Farm groups call for urgent government reform of ‘inadequate’ hare coursing law
Farming organisations alongside rural Police and Crime Commissioners have written to the Secretaries of State for Defra and the Home Office calling for the reform of out-dated hare coursing legislation.
An illegal activity, hare coursing has huge implications for rural communities from farmer intimidation, damage to farmland to cruelty inflicted on native wildlife.
The letter has called for ‘simple’ amendments to the 1831 Game Act to give the police and criminal justice systems enhanced powers to tackle this growing crime.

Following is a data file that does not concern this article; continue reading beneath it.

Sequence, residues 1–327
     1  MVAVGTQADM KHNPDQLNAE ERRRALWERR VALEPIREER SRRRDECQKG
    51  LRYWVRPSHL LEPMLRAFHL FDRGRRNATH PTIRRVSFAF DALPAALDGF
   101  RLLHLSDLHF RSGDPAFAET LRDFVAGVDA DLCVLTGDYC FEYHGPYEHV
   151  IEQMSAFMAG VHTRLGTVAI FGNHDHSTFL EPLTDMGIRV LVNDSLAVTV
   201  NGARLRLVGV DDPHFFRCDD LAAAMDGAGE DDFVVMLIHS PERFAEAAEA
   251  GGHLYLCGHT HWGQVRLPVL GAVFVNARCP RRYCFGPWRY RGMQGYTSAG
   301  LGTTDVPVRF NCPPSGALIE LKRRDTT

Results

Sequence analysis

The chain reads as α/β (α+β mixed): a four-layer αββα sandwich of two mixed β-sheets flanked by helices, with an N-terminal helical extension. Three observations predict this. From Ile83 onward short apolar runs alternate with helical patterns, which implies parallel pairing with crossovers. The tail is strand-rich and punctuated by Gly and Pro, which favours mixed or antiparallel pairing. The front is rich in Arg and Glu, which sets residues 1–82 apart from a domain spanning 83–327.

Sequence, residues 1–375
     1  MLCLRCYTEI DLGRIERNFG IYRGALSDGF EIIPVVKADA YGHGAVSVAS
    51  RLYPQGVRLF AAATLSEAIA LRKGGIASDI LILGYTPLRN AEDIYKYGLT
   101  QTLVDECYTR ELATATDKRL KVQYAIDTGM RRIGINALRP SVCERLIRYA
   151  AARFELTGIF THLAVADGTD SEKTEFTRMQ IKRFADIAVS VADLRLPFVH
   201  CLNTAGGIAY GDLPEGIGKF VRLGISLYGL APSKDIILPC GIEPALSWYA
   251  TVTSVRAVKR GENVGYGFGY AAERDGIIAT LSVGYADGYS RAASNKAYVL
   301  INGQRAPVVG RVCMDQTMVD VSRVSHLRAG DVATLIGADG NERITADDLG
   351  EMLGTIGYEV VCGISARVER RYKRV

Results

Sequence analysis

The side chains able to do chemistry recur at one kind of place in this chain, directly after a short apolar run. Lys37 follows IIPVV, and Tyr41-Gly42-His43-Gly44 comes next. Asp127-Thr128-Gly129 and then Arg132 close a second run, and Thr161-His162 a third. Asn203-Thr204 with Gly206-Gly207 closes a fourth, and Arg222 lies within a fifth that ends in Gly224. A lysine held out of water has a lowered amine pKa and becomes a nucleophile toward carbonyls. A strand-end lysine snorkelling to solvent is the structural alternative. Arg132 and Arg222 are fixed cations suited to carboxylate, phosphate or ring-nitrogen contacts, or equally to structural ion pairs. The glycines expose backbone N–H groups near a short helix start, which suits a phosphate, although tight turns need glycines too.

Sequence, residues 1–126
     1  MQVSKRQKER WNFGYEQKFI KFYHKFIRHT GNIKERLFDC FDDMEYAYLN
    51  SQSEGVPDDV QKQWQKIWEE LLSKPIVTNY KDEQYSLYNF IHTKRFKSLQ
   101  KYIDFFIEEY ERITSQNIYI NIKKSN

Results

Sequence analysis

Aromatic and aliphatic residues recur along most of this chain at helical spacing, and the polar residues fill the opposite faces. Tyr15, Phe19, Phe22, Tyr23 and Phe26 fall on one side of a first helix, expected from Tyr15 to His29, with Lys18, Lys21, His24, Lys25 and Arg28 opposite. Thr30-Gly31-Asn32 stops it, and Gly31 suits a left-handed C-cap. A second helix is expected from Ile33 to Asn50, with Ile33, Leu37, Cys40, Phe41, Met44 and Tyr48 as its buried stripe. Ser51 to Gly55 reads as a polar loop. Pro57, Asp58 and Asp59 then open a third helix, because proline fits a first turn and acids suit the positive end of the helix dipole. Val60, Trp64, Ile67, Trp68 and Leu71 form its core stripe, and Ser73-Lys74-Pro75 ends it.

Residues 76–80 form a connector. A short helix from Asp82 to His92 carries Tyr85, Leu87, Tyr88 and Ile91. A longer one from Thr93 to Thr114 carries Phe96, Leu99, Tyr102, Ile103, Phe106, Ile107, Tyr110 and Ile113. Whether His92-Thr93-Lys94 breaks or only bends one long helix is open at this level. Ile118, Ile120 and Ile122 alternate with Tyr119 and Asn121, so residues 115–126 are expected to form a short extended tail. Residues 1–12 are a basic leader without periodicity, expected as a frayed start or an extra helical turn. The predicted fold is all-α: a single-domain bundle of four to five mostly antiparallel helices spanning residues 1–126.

Full seizure and forfeiture powers for dogs and vehicles, removal of existing penalty limits and recovery of kennelling costs from offenders were among the suggested amendments.
In a joint statement, the coalition said: “It is clear to us, our members and the police that relying on legislation that is nearly 200 years old is simply inadequate and in need of urgent reform.”
The organisations also called for better information and guidance for magistrates and prosecutors and support for more effective approaches from police.
They added: “As a coalition, we will continue to raise this issue with Government at the highest level and ensure they recognise the importance of tackling crime in rural communities up and down the country.”